Mueller Considering New Charges for Ex-Trump Campaign Chairman

WASHINGTON (CN) – Special Counsel Robert Mueller is considering filing new charges against former Trump campaign chairman Paul Manafort after his plea deal fell apart over allegations of lying to investigators.

The revelation came at during a Friday morning hearing at which a federal judge set a March 5 sentencing date for former Trump campaign chairman Paul Manafort, telling prosecutors and defense attorneys that the date can be pushed back if needed.

Friday’s hearing before U.S. District Judge Amy Berman Jackson was the first time Manafort’s attorneys returned to federal court since the special counsel’s office  accused him of repeatedly lying to investigators and breaking his September plea agreement.

Manafort, currently jailed in Alexandria, Virginia, waived his appearance for Friday’s hearing. He was represented by attorneys Kevin Downing, Richard Westling and Thomas Zehnle.

Manafort first entered into a plea deal with prosecutors in September, heading off a jury trial in Washington, D.C., on criminal charges related to his past foreign lobbying work for Ukraine.

As part of the deal, he pleaded guilty to reduced charge, and agreed to cooperate “fully, truthfully, completely, and forthrightly” with prosecutors.

But in a filing on Monday, the special counsel’s office said “after signing the plea agreement, Manafort committed federal crimes by lying to the Federal Bureau of Investigation and the Special Counsel’s Office on a variety of subject matters, which constitute breaches of the agreement.”

Manafort’s defense team immediately pushed back against the claim, writing in a response that Manafort “believes he has provided truthful information and does not agree with the government’s characterization or that he has breached the agreement.”

On Friday, Downing said there are still a lot of unknowns about the prosecution’s claim of a breach of the plea agreement and that his client is entitled to discovery over the allegations.

The Wall Street Journal reported Wednesday that Mueller’s team thinks Manafort lied about his communications with Konstantin Kilimnik, a former associate in Ukraine, who the FBI believes has intelligence ties to Russia.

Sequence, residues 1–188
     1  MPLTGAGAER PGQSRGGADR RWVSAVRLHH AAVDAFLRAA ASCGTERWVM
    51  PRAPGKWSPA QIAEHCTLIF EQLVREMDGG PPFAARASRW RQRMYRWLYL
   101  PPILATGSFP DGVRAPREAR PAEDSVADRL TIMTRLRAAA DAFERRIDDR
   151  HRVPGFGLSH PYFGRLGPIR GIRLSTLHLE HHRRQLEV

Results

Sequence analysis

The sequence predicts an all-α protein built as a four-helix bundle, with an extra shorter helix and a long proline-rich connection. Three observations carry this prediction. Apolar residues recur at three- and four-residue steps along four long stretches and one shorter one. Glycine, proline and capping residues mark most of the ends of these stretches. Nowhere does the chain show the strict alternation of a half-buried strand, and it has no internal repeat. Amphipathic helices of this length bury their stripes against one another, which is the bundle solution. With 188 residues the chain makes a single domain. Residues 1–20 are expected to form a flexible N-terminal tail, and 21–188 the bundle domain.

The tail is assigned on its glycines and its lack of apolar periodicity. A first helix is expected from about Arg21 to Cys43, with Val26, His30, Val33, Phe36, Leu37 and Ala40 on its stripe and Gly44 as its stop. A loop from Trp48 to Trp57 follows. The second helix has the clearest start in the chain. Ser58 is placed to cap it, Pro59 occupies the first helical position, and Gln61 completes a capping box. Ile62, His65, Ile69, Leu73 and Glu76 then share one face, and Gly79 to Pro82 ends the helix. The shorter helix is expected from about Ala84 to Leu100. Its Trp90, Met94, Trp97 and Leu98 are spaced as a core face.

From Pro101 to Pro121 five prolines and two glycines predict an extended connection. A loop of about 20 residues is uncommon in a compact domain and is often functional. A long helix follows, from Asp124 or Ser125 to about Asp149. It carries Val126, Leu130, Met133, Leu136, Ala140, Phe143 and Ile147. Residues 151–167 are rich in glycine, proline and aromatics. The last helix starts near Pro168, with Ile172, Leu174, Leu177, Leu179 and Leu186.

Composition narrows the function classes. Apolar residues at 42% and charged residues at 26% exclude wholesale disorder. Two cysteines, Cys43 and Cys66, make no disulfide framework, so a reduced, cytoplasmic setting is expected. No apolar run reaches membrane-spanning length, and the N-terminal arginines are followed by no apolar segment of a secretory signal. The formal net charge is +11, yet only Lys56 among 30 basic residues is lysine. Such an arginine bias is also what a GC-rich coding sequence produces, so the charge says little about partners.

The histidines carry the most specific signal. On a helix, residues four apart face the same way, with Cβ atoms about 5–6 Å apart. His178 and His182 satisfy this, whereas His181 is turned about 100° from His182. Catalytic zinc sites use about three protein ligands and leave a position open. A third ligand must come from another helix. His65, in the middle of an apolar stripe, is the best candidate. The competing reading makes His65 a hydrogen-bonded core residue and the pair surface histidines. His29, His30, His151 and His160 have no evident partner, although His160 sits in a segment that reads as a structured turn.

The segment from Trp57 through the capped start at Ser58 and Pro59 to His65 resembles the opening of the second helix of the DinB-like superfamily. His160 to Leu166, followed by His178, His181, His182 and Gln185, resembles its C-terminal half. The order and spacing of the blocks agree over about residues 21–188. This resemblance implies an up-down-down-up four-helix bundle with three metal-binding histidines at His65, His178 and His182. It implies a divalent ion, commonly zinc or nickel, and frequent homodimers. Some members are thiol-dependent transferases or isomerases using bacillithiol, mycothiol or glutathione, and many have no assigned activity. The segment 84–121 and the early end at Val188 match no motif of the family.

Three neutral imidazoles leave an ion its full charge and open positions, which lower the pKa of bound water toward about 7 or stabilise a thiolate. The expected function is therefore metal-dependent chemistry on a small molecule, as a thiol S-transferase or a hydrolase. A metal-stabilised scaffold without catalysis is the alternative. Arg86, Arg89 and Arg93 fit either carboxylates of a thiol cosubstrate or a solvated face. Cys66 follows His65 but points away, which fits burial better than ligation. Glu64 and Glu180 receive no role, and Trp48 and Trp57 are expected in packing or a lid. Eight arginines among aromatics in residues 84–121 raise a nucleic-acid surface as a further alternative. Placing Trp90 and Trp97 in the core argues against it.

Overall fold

Special counsel prosecutor Andrew Weissmann meanwhile stood by his office’s claims, without providing any additional details in court.

Asked by Jackson whether the special counsel’s office intends to prosecute Manafort on charges dropped as part of the plea deal or whether they will file new charged stemming from the alleged breach of the deal, Weissmann said “That determination has not been made.”

Both sides did agree on one point — that Jackson should rule on whether Manafort actually did breach his plea agreement before the D.C. probation department prepares its presentencing report.

Prosecutors were told to file a more detailed explanation of what they believe Manafort lied about to investigators by Dec. 7. Manafort’s defense team will then have until January to reply. Jackson said she will likely hold a hearing in mid- or late-January to hear arguments over whether Manafort breached his plea agreement with federal prosecutors.

And of course, a presidential pardon for Manafort may not yet be off the table.

The president’s attorney, Rudy Giuliani, told the Associated Press earlier this week that discussion of a pardon was inappropriate for the time being but noted it could be discussed at a later time.

Trump directly weighed in on the possibility of a pardon during an interview in the Oval Office with the New York Post this week.

“It was never discussed but I wouldn’t take it off the table. Why would I take it off the table?” Trump said.

If the president pardoned Manafort that would not necessarily be the end of his legal troubles. Double jeopardy bars prosecution for crimes an individual has already been charged with but a few exceptions exist for tax fraud cases in the state of New York.

But anyone pardoned by a president also loses protections under the Fifth Amendment. The amendment protects against self-incrimination and compelled testimony, but essentially only functions in full if a person is under threat of legal jeopardy.

A presidential pardon wipes that threat away and in turn, makes it far easier for law enforcement – or even Congress – to demand the pardoned individual provide testimony.

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